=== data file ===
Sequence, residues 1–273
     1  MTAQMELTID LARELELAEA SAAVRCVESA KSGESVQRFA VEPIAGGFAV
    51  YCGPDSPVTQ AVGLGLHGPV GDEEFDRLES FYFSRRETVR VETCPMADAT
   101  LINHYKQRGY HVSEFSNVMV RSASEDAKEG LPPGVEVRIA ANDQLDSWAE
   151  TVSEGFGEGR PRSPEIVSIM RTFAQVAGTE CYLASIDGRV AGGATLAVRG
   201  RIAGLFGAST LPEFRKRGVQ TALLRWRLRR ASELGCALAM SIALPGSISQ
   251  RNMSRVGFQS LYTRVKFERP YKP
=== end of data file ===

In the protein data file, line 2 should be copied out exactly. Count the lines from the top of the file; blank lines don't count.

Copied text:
     1  MTAQMELTID LARELELAEA SAAVRCVESA KSGESVQRFA VEPIAGGFAV